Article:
Meter Madness: Bad For Business

Local businesses say meter madness is cutting into their customer base

Want to find a place to park in Albany Park? 

If you’ve got the quarters, this northside neighborhood’s got plenty of places to park your car. And plenty of small business owners who are upset about that very fact.
“They have been pounded twice in the last several months,” said Andrew Levin. “First, by the recession, and second, by this increase in parking.”
As president of the community’s Chamber of Commerce, Levin’s heard small business owners give the same story as Jesse Arteaga.
”You start looking out the window and there are less and less cars parked," said Arteaga, owner of Chuy’s Chicken on West Lawrence. "And there's less customers coming in.”
A year ago it cost 25-cents to park here for an hour. Now it costs $1.  And as a partial result, Arteaga says, business is down. He also blames the economy.
A casual look around this neighborhood provides a stark image. Parking meter after parking meter after parking meter -- with no one parking.
It was four months ago, at Mayor Daley's urging, that the City Council voted to privatize Chicago's 36,000 parking meters for the next 75 years. The city got $1.2 billion, money to help balance the budget.
But on Monday, along North Kedzie, meter after meter was empty and more than once we saw a worker for LAZ Parking, which now operates the parking meters, open and close empty coin boxes.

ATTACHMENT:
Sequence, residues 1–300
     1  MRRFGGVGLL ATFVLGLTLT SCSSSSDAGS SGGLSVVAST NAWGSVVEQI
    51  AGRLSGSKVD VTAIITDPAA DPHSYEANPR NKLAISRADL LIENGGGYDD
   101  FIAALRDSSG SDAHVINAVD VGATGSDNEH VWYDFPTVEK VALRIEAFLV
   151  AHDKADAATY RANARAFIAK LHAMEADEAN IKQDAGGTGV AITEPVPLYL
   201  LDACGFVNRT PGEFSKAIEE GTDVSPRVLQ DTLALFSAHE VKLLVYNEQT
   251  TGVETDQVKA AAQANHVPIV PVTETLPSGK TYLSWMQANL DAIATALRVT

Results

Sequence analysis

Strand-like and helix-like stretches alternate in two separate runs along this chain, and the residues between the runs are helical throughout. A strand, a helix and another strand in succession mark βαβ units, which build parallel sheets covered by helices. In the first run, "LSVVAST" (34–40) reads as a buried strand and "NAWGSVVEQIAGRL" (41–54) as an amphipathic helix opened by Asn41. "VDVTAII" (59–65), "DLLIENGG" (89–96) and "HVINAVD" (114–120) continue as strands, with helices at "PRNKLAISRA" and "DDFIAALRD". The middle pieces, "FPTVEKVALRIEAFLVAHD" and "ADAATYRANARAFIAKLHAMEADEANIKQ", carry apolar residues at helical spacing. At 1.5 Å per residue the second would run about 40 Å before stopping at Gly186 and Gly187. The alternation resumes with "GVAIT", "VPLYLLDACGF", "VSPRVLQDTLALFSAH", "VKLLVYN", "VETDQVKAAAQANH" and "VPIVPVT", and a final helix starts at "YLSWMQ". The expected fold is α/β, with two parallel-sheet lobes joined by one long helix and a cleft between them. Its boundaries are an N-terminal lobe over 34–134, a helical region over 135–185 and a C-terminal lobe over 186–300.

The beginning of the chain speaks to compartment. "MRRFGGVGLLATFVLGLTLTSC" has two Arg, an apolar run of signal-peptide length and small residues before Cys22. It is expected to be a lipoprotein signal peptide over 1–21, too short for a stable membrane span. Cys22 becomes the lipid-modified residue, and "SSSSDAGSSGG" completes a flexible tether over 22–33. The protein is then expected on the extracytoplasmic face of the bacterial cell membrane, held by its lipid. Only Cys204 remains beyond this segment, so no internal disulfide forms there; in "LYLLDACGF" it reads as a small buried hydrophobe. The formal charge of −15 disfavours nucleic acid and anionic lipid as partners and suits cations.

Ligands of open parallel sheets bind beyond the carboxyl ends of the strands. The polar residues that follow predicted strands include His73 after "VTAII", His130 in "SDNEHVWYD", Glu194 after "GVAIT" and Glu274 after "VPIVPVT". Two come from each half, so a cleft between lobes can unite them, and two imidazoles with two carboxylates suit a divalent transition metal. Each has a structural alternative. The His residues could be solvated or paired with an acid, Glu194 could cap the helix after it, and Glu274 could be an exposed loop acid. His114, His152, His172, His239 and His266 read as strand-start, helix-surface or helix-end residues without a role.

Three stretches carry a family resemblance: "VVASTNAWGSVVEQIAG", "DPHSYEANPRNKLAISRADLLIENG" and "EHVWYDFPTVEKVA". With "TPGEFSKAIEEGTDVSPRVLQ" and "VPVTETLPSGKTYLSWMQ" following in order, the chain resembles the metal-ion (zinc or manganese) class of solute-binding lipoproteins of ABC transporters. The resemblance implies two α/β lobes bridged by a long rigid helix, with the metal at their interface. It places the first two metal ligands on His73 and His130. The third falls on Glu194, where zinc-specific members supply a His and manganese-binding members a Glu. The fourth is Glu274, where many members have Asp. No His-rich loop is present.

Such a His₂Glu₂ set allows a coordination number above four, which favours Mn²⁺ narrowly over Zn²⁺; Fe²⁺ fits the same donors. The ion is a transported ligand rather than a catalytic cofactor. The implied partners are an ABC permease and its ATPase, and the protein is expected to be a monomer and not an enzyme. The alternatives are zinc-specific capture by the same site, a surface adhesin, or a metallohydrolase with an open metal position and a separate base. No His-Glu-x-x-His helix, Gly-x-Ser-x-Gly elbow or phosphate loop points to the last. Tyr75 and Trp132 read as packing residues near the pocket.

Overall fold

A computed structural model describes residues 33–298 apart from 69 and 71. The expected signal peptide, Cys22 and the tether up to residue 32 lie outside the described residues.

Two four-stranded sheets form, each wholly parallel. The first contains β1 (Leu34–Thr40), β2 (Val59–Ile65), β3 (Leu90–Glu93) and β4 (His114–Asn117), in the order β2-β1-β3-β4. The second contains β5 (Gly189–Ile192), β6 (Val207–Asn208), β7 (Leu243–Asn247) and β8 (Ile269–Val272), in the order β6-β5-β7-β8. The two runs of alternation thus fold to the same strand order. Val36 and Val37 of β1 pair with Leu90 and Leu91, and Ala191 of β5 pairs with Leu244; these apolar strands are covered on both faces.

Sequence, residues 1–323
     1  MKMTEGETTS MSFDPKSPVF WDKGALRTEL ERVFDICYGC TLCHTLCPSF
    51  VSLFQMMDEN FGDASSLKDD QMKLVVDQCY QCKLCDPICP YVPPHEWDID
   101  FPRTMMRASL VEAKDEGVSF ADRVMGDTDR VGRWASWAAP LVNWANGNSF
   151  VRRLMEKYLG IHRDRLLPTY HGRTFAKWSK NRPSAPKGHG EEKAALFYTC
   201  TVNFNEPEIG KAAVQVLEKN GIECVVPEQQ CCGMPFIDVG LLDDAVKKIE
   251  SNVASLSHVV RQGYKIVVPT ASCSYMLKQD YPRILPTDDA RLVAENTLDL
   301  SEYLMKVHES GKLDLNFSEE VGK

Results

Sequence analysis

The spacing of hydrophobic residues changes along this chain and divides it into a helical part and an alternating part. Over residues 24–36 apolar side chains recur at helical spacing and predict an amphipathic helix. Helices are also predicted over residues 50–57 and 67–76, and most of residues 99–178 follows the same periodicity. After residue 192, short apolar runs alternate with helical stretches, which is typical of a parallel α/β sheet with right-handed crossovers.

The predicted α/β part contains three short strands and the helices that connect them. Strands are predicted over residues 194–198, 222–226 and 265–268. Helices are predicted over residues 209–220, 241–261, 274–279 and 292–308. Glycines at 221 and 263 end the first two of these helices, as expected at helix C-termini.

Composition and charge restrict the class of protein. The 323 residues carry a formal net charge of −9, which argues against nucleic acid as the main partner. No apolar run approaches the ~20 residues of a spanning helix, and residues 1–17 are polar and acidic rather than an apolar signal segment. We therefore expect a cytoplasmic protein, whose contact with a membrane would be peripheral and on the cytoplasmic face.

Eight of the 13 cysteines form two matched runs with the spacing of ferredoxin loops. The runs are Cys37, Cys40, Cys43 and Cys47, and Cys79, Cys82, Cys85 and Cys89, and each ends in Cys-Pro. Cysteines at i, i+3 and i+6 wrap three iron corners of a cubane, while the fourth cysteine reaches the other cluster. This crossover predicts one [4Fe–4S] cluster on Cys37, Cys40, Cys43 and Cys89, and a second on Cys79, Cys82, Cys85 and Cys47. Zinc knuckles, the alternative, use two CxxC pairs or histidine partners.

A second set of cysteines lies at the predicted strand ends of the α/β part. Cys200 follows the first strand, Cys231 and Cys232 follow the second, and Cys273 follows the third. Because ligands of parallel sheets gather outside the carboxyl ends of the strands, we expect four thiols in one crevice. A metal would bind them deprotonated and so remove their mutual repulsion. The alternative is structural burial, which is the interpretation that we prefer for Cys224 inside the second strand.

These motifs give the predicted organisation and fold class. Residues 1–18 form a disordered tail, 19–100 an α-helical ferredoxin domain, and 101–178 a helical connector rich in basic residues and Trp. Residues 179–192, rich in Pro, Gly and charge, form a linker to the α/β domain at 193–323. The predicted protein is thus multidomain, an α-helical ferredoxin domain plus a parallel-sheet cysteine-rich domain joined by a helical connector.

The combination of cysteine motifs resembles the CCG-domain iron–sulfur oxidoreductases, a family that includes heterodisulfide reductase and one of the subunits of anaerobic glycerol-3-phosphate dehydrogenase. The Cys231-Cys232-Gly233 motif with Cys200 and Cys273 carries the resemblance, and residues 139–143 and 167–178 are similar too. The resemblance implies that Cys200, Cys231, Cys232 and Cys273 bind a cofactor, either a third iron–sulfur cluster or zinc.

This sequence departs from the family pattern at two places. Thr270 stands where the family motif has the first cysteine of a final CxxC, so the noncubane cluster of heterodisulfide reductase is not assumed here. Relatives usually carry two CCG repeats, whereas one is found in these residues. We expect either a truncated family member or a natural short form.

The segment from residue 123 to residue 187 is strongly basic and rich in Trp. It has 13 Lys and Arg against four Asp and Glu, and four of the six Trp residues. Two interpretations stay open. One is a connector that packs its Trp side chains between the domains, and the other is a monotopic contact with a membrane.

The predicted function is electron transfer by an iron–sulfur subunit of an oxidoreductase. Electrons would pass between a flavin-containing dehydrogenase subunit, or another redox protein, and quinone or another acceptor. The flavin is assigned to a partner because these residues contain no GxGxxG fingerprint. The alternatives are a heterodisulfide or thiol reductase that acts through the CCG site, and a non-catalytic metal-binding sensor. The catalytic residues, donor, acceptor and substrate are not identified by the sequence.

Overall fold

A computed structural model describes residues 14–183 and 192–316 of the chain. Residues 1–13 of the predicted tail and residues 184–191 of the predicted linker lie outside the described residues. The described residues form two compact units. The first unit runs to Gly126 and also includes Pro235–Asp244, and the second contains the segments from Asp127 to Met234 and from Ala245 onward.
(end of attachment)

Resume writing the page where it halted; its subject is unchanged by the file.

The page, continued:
This as a nearby side street --- with no meters --- was jammed packed.
Jesse Arteaga said he started noticing the trend several weeks ago.
“He's saying the same thing we are hearing up and down the commercial district,” said Liz Griffiths, the Executive Director of the Lawrence Avenue Development Corporation.
“No people come and park and eat, you know,” said Jose Sanchez who owns the Magic Grill, a fast food place on Lawrence Avenue. “We want the price to go down, you know?"
“These small business owners want the traffic to stop,” said Levin, who noted six empty spaces in front of the Magic Grill.  “One year ago, I guarantee you this would have been filled up with cars. No doubt about it,” he said.
City officials say Mayor Daley regrets the shock of the skyrocketing rates, but at the same time strongly defends the 75-year lease to LAZ Parking.
“Overall, it's horrible,” said businessman Andre Rabbani with a certain fury in his voice. “I am mad, angry. Yes.”
“Everyone understands the city has to keep running,” said Liz Griffiths.
But Rabbani adds,” I have not met one person who is for this.”
Asked if before this he was a booster of Mayor Daley, Rabbani said yes.  Asked if his view has changed, his answer was defiant.

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